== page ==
The Council Chamber of the Royal Governor is located upstairs at the east end of the building, facing Long Wharf and the harbor. This room was the setting for many important speeches and debates by dedicated patriots with the British crown. In 1761, James Otis argued eloquently against the Writs of Assistance, the Crown's policy which permitted warrant-less searches of private homes and businesses. Otis lost the case, but his impassioned speech about the rights of privacy was one of the events that led to the American Revolution. "Then and there," recalled John Adams, "the child Independence was born." Photo courtesy of Brian M. Kutner.
THE MASSACHUSETTS ASSEMBLY
The central area of the second floor was the meeting place of the Massachusetts Assembly, the most independent of the colonial legislatures, and the first to call for sectional unity and the formation of a Stamp Act Congress. One of the world's first visitors galleries was installed in Representatives Hall in 1766. Photo courtesy of Daniel Doke.
HOME OF THE COURTS
The building's west end was the original home of the Massachusetts Supreme Judicial Court, the oldest court in the nation. The Court was also involved in the drafting of the Massachusetts Constitution, upon which the United States Constitution is largely based. Photo from Bostonian Society Collections.
Official proclamations were read from the Old State House balcony, on the east side of the building, facing the town square and State (formerly King) Street, the main commercial street in the 18th century. The square beneath the balcony was the site of the Boston Massacre on March 5, 1770, when a handful of British soldiers fired into a taunting crowd, killing five men. Today a circle of paving stones marks the area of the Massacre. On July 18, 1776, the Declaration of Independence was first proclaimed from the balcony, to the jubilant citizens of Boston. Later that day, the rooftop statues of a lion and unicorn, along with other symbols of royal authority, were pulled down and burned in a bonfire.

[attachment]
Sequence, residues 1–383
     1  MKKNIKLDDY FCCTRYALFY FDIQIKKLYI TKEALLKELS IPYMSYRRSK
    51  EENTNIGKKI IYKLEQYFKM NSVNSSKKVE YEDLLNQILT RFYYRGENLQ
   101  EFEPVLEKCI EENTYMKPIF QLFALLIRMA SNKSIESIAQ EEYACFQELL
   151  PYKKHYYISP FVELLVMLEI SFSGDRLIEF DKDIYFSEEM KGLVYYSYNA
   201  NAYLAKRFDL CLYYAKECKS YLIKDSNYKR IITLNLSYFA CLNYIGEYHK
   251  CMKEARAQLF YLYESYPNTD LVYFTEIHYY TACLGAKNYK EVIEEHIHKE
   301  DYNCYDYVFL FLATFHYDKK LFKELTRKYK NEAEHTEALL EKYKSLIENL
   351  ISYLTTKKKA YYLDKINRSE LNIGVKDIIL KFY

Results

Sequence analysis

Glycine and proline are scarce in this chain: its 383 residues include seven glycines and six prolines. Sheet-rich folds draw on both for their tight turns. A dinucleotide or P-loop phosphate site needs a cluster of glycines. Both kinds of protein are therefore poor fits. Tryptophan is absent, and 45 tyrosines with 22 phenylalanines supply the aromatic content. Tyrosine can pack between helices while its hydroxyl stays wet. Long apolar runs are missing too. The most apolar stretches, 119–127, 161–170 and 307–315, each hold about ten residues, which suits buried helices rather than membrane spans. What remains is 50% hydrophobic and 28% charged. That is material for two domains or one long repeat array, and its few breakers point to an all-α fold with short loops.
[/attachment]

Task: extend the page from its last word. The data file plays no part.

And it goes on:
AFTER THE REVOLUTION
The Old State House served as the seat of the new Massachusetts state government until a new State House was built on Beacon Hill. On January 11, 1798, all government functions left the building when the governor, state legislature, and other state officials moved to the new State House. From 1830 to 1841, the building was used as Boston's first separate City Hall. In 1841, the building returned to commercial use, entered a period of decline, and suffered many alterations made to accommodate its tenants. Photo from Bostonian Society Collections.
SAVING THE OLD STATE HOUSE
In 1879, a group of determined citizens formed the Boston Antiquarian Club. Two years later, the group reorganized as the Bostonian Society, and organized a museum of Boston's history in the Old State House. Today, the Old State House is located amid the skyscrapers of downtown Boston as a museum of Boston's role in the American Revolution. Operated by the Bostonian Society and owned by the City of Boston, the Old State House is a site within the Boston National Historical Park on the Freedom Trail.